On June 24, 2020, Bayer announced agreements to resolve major legacy Monsanto litigation. The press release, issued primarily for the benefit of nervous Bayer investors, implied that Bayer had reached settlement to resolve the majority of Plaintiff cases. Bayer claimed that the settlement would range between $10.1 billion to S10.9 billion U.S.

Although Mass Tort Nexus (MTN) had serious doubts that Bayer would accomplish substantial resolution of the litigation at a cost of $10.1 billion to S10.9 billion U.S., we waited several months before publishing our article titled, Dear Bayer, the number is $22 Billion.

It appears that Bayer has given up any hope of a global settlement of Plaintiff cases, at significantly subpar settlement values.
The latest information received from MTN sources leads us to believe that Bayer is now attempting to settle for more reasonable values, with firms considered to be a “litigation threat”, while offering firms they do not consider to be a trial threat, far lower average case values.


It is probable that Bayer will reach settlement with firms that have already scored big trial wins, by offering reasonable average case values. As is generally the case, settlement agreements with these firms are likely to include “gentlemen’s agreements”, precluding these firms bringing new cases post settlement of their existing dockets.

It is also probable that Bayer will succeed in reaching settlement, at significantly subpar values, with a number of those firms Bayer does not consider a litigation or trial threat.

The wild card for Bayer in this strategy arises from any assumption that they have correctly identified all firms that might pose serious litigation/trial threat. Even if a given firm or attorney has never brought down a jury award in excess of $100 million or $1 billion, does not mean they are incapable of such an achievement. It is important to note, among those firms that are members of this very small club, prior to their having acquired their first earth shattering (and stock price impacting) jury award, they might have been included in the group Bayer does not consider to be a threat. There is a first time for everything.

Additionally, it is never wise to insult (directly or indirectly) any Plaintiff’s attorney if you are trying to reach settlement. Many Plaintiffs’ attorneys would consider being thought of as “no threat” at trial, an insult to be addressed by disproving the assumption.

Bayer stockholders have long ago lost patience with the company’s handling of the Round Up litigation. Bayer stock would not likely fair well if another $100 million or $1 billion dollar verdict was handed down.

Twenty-nine years ago, Mark Lanier was just another attorney, (as far as anyone knew) fast forward to 2021, and over $20 billion(ish) in jury verdicts later, Mark Lanier, is now “that Mark Lanier” . Twenty-nine years ago Bayer would not likely have considered Mark a serious threat and would have likely paid the price for their underestimation.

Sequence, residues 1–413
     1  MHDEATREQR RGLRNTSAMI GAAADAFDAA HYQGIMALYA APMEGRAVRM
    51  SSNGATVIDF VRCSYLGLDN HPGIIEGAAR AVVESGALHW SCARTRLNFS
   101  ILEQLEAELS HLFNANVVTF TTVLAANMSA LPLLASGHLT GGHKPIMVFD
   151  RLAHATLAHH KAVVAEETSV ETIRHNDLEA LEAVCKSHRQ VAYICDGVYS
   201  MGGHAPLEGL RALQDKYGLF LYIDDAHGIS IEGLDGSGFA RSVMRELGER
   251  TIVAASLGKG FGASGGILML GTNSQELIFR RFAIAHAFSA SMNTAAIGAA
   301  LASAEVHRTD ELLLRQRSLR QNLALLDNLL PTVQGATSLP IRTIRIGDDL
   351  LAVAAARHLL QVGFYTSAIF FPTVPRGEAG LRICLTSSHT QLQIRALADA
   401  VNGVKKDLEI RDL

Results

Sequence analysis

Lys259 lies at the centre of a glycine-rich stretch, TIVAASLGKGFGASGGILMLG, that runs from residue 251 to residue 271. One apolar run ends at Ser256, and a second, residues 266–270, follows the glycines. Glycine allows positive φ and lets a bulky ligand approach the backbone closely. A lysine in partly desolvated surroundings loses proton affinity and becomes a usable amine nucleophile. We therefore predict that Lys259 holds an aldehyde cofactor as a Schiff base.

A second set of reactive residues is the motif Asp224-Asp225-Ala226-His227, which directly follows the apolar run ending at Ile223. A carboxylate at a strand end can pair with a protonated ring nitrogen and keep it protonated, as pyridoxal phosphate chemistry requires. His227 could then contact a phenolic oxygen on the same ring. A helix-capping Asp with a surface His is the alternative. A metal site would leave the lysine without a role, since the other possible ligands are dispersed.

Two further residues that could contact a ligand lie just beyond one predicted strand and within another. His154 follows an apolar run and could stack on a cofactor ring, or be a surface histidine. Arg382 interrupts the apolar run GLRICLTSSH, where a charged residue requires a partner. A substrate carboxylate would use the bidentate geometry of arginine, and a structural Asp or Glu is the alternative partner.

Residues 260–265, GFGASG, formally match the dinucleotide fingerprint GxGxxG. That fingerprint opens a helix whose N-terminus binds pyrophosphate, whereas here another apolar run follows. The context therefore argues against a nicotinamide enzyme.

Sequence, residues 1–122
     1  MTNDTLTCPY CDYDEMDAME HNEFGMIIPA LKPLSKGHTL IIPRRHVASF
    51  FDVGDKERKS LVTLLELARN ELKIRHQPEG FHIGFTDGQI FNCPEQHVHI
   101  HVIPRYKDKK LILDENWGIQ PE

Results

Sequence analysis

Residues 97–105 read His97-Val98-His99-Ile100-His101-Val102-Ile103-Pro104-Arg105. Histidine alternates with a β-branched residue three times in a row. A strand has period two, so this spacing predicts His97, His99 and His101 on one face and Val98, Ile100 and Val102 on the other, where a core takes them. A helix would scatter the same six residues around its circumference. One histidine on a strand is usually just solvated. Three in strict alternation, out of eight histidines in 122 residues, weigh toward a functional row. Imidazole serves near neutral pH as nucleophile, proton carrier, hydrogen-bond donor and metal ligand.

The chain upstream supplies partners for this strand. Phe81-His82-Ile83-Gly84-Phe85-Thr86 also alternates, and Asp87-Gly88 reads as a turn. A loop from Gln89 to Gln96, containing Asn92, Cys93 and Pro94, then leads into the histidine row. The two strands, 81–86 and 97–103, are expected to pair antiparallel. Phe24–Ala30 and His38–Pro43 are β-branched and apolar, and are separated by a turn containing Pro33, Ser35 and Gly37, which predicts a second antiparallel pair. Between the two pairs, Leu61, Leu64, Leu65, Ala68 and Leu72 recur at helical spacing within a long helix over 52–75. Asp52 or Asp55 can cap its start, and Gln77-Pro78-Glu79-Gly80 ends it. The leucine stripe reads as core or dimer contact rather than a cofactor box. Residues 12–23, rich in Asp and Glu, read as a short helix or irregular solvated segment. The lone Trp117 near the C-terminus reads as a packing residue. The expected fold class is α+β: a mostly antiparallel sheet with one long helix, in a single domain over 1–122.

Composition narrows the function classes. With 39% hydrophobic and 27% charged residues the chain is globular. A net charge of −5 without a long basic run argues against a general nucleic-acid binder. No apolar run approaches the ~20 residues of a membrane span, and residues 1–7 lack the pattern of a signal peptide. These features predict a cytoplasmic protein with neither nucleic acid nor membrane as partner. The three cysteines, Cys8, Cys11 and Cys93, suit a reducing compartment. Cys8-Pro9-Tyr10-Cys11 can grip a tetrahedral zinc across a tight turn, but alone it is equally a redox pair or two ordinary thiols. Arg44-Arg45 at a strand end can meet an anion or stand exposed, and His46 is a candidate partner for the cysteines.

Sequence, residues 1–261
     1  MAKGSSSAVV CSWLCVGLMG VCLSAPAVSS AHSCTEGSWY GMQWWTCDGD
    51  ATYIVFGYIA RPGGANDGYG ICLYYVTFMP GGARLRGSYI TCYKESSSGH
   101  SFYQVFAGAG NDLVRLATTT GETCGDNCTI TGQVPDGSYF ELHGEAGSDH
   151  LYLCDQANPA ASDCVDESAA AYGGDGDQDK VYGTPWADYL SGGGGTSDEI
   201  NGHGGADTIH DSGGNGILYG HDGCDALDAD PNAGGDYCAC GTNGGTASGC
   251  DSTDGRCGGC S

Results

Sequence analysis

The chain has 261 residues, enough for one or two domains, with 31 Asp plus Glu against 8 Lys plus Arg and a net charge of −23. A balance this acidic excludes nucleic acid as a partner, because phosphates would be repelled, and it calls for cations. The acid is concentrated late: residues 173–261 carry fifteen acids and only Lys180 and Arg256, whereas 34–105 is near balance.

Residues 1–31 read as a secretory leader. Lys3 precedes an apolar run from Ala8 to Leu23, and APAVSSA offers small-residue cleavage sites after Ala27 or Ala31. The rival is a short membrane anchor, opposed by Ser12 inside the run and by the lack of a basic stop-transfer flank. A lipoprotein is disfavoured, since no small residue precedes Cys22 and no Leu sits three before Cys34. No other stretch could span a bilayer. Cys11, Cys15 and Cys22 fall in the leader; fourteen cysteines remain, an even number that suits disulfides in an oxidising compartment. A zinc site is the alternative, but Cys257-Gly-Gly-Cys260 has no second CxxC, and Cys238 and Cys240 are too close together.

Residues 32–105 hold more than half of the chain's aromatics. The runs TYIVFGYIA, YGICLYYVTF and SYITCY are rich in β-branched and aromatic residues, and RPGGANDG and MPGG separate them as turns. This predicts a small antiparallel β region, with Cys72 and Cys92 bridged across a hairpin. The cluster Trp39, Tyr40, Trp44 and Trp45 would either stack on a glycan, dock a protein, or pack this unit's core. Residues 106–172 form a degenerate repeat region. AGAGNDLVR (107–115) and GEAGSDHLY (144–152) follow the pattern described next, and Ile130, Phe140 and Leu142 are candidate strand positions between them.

Jim Onder was just a down to earth unassuming fellow raised in the mid-west, and although Jim is still a down to earth unassuming fellow however, Jim Onder is now “that Jim Onder.”

Atticus Finch was not, ‘that Atticus Finch”, until he was.


Bayer plays a risky game, at very high stakes, if they fail to recognize any attorney they do not consider a serious threat, might not be the next Atticus Finch, just waiting to become “that Atticus Finch.”

John Ray

John Ray has been a leading consultant to the Mass Tort industry for over a decade. His unique skill sets make him well suited to both teaching and consulting in the Mass Tort arena. As a 21-year old graduate of Brenau University in Atlanta, John graduated Magna Cum Laude and started a pharmaceutical and medical device company right out of school, selling it in an eight-figure deal when he was 35. John’s tenure in the pharmaceutical and medical device field allowed him to gain an in-depth understanding of FDA regulatory matters, as well as, a thorough understanding of the science and epidemiology related to gaining FDA approval to market pharmaceuticals and medical devices. John’s inside knowledge of how “Big Pharma” operates gives him a unique perspective and skill sets that are very useful to Mass Tort plaintiff firms. When John brought his “insider knowledge” and business acumen to the Plaintiff Mass Tort Space, one of the first things he recognized was a lack of common terminology and well defined metrics. John realized that firms were expressing the same concepts, but were not using the same terminology. As a result, John set out to define common terms and create methods for formulating important metrics for use by Mass Tort firms when evaluating litigations. The terminology and metrics John Ray developed are now commonly used by major Mass Tort Law firms. John is highly sought after and writes White Papers about both current and emerging torts, which are highly coveted in the industry. The accuracy of John’s analysis of emerging and ongoing litigations is unmatched. The fact that John not an attorney has proven to be an asset. John thinks like a business person, employing creative problem solving and possesses an extensive set of business skills and industry specific knowledge. He assists Mass Tort firms in making sound business decisions before and during any litigation they are involved in or are considering becoming involved in. John is an expert at evaluating cases and looks at each tort as an individual “investment,” which can be quantified resulting in risk mitigation for you and your firm.

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